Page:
Kiwis also pay higher prices for meat and dairy products than other developed countries. New Zealand had the fifth most-expensive food prices among 38 countries in the OECD (Mcilraith, 2022).

Mcilraith (2022) explains that the high prices result from two main factors:

  • First, the lack of grocery competition in the market. The country’s supermarket sector has been a duopoly dominated by Foodstuffs and Woolworth. Only these two leading market brands control the food prices in New Zealand (Mcilraith, 2022).
  • Second, the high price of food is blamed on the export price. “As a result, global markets set the price in New Zealand to make it profitable for local producers to sell their foods domestically”.

Katherine Rich, Food & Grocery Council chief executive, told Stuff that the supermarket duopoly, how much we export, and our position at the bottom of the world all hurt the receipt bottom line (Mcilraith, 2022).

“As our exports, particularly dairy products and meat, fetch higher prices (many of them are at record levels), so the pressure goes on we have to pay for them,” she said.

New Zealand’s proposed agriculture tax

There are more than five times as many sheep and twice as many cattle as people in New Zealand.

Livestock forms the backbone of the country’s large dairy and meat industries but contributes about half of its total emissions.

The methane is generated by the ruminants’ digestion and the use of synthetic nitrogen fertilisers in the grass they eat.

The plan to tax farmers over GHG emissions was introduced 20 years ago under prime minister Helen Clark. It was dubbed the “fart tax” by the opposition, and after a tractor protest outside the parliament, the proposal was shelved.

This year, Prime Minister Jacinda Ardern, and three of her ministers, unveiled the government’s plan for putting a price on the climate cost of farming.

Ardern says, “The proposal, as it stands, means New Zealand’s farmers are set to be the first in the world to reduce agricultural emissions,” said Ardern, adding that it would give the country’s biggest export market (worth $46.4bn a year) a competitive advantage globally while putting the country on track to meet its 2030 methane reduction target.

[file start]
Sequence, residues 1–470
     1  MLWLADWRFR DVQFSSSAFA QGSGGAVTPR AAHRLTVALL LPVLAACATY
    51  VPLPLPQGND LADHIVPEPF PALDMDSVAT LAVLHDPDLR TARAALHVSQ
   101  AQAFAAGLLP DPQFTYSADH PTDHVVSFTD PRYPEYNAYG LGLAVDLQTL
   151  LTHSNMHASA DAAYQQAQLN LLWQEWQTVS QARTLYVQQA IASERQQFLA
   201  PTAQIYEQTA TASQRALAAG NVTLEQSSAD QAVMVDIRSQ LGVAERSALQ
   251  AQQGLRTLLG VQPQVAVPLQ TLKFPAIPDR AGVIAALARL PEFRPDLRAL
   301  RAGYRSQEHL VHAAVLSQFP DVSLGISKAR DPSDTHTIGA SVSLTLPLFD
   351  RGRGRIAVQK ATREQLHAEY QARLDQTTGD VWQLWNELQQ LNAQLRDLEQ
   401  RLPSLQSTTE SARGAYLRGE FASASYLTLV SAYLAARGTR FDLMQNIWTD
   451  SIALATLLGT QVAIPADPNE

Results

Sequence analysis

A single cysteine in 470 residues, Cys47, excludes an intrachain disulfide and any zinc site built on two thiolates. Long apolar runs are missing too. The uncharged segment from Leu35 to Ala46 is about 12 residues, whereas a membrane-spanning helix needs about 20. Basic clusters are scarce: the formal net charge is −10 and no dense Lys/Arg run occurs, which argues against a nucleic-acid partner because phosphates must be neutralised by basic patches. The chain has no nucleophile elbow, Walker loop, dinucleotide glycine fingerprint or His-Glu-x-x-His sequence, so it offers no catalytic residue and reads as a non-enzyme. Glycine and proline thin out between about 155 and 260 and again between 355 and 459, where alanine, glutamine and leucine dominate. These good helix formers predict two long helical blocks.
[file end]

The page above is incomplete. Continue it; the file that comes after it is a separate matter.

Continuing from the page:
The proposed agriculture tax will see farmers who meet the threshold for herd size and fertiliser use pay a levy by 2025.

The tax is designed to change farming practices to meet the country’s methane target cuts of 10% by 2030 from its 2017 levels and its net zero emission target for 2050.

The government stated that the revenues would go towards new technology, research and incentive payments to farmers who adopt climate-friendly practices.

According to the NZ Ministry for the Environment, nearly half of the country’s GHG emissions come from agriculture. Methane emissions make up 75% of all agriculture emissions, followed by nitrous oxide from synthetic nitrogen fertilisers.

At the opening of COP27 this week, UN General Secretary Antonio Guterres says that the deadly impact of climate change is here and now.

Guterres urged developed and developing countries to “bend the emissions curve” and transition to cleaner and sustainable systems, with developed countries leading the way within these decades; otherwise, our planet will be doomed to cross the tipping points that will make climate chaos irreversible.

He calls for taxing GHG emitters like fossil fuel companies, who have profited long enough at the expense of the environment, and redirecting these revenues to those struggling with high food prices and rising energy prices.


Groundswell protest: Farmers oppose emissions pricing scheme. (2022 22 October). RNZ. Retrieved

Hewett, W., Quinlivan, M., Swift, M., & Cook, A. (2022, 20 October). As it happened: Farmers take to streets in nationwide Groundswell protest. Newshub. Retrieved from

Hancock, F. (2021, 6 July). Who’s eating New Zealand. Stuff. Retrieved from

Food and Beverage. (2022). NZTE. Retrieved from

About the NZ Dairy Industry. DCANZ. Retrieved from

Frangoul, A. (2022, October 12). New Zealand plans to tax emissions from livestock burps and dung. CNBC. Retrieved from

Food, glorious food – but what a price. (6 November 2022). NZ Herald. Retrieved from

Wilkes, M. (2022, April 7). How do Kiwi supermarket prices compare to overseas? 10 staples, 10 supermarkets, 10 countries. Stuff. Retrieved from

Mcilraith, B. (2022, March 10). Explainer: Why do we pay so much for our groceries in New Zealand? Stuff. Retrieved from

Consultation on proposals to price agricultural greenhouse gas emissions. (2022 October 11). Ministry for the Environment. Retrieved from

Leave a Reply

Translate »